Photo: Pacific Business News files
Have you considered China as a viable market for your business?
Last week’s Annual Hawaii Tourism Conference hosted by the Hawaii Tourism Authority brought eye opening reminders of how Hawaii is not only a truly unique place to visit, but how we should continue to share our uniqueness with markets around the world, and China will be a big focus.
HTA projects that in 2014 there will be over 182,000 Chinese visitors who will come to Hawaii, spending $441.7 million. Does your business want a piece of that pie? If you do, you should think about reaching them on social media before they get here, and here’s why.
It was also reported that there are twice as many Chinese social media users than there are people in the United States. And it is projected that by 2015, there will be more posted on social media in Chinese than any other language.
This may be unbelievable news to some, but believe it or not, “the Chinese are coming”, as Brenda He said, who presented HTA China’s 2014 marketing plan.
It may also be news to some that China doesn’t have Facebook, Twitter, or YouTube as the rest of the world is used to. China has their own social media sites. There are several “Weibo”, or micro blog sites, one of the most popular is called Sina Weibo, which is almost identical to Facebook. You can post photos, videos or text updates, use hashtags, and tag other pages, just like Facebook.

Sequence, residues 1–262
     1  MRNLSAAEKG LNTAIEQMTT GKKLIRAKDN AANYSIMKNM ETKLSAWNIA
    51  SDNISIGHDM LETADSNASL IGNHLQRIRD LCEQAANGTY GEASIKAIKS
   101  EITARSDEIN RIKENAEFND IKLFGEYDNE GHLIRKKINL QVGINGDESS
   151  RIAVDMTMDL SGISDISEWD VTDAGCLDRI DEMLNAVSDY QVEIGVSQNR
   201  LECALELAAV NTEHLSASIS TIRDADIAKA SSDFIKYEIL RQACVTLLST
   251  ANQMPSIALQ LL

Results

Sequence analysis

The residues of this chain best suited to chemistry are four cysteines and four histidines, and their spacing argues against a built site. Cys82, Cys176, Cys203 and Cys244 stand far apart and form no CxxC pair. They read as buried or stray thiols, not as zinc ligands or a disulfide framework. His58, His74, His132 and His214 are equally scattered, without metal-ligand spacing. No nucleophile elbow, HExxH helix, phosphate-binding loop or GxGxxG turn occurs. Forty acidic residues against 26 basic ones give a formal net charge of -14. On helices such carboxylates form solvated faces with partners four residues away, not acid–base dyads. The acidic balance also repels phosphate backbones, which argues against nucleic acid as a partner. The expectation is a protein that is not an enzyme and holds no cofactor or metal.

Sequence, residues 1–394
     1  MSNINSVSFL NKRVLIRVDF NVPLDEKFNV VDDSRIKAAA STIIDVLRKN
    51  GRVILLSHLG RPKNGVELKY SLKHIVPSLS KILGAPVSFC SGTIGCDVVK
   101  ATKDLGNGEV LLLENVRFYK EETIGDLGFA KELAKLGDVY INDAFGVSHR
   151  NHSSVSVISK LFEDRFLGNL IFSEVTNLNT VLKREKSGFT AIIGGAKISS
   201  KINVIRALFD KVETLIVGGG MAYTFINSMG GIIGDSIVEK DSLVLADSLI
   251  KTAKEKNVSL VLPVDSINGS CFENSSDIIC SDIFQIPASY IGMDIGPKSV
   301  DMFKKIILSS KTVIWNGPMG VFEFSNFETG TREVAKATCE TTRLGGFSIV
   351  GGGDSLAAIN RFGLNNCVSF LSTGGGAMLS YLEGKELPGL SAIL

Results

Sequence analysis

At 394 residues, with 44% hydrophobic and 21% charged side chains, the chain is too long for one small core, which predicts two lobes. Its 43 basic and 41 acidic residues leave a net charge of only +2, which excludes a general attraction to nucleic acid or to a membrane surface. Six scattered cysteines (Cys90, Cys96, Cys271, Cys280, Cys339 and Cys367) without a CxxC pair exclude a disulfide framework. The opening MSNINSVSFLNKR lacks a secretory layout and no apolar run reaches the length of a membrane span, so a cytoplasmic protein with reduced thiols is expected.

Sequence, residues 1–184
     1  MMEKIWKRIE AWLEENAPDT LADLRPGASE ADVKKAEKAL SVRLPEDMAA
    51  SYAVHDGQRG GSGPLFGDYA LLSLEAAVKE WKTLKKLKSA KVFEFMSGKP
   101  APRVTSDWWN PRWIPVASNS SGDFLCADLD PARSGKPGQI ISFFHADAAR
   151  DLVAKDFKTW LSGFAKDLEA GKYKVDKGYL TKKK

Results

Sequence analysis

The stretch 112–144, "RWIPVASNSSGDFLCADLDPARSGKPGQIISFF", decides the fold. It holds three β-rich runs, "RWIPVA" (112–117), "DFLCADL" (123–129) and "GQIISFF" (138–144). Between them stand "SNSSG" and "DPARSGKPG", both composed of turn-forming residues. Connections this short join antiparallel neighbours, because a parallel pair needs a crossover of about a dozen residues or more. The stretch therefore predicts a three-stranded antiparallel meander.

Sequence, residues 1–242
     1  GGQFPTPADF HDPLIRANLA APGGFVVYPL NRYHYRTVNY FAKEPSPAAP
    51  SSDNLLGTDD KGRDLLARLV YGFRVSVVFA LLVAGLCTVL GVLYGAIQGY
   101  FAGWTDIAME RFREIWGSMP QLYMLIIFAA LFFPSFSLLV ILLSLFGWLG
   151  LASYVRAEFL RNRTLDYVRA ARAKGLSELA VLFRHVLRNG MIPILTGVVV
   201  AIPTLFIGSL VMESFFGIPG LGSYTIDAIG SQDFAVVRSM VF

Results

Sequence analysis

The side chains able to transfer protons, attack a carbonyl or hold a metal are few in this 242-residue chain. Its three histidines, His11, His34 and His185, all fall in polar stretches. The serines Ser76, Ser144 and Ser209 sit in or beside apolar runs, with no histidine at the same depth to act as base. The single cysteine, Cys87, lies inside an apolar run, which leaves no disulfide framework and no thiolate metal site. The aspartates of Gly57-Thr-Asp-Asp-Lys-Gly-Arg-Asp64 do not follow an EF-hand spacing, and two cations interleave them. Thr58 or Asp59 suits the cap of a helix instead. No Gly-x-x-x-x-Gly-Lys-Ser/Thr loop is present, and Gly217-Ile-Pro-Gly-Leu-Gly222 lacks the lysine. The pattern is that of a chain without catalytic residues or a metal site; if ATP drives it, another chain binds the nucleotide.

Tencent Weibo is very similar to Twitter—it has a 140 character limit, and there is a re-posting feature much like Twitter’s retweet.
It goes without saying that almost all social networking sites in China are accessed on mobile devices so remember to think mobile and adjust your content accordingly. The best adjustment you can make is to always use photos that look good small, and make shorter captions.
You may also want to adjust your SEO strategies for China and other Asian markets. For instance, Baidu is the Chinese version of Google, Yahoo is the most popular search engine in Taiwan, Korea uses a search engine called Naver.
If you’re ready to take the next step and reach the Chinese on social media, surprisingly not a lot has to be done—the toughest challenge is to get a translator. Start with a Sina Weibo and or Tencent Weibo account. You can post much of the same content that you would use for your other social profiles, just be sure to add a few localized posts in between.
So yes, the Chinese are undoubtedly coming—in fact, they have been for some time but with HTA’s new focus on China, you better get ready, and what better and more accessible way than on social media.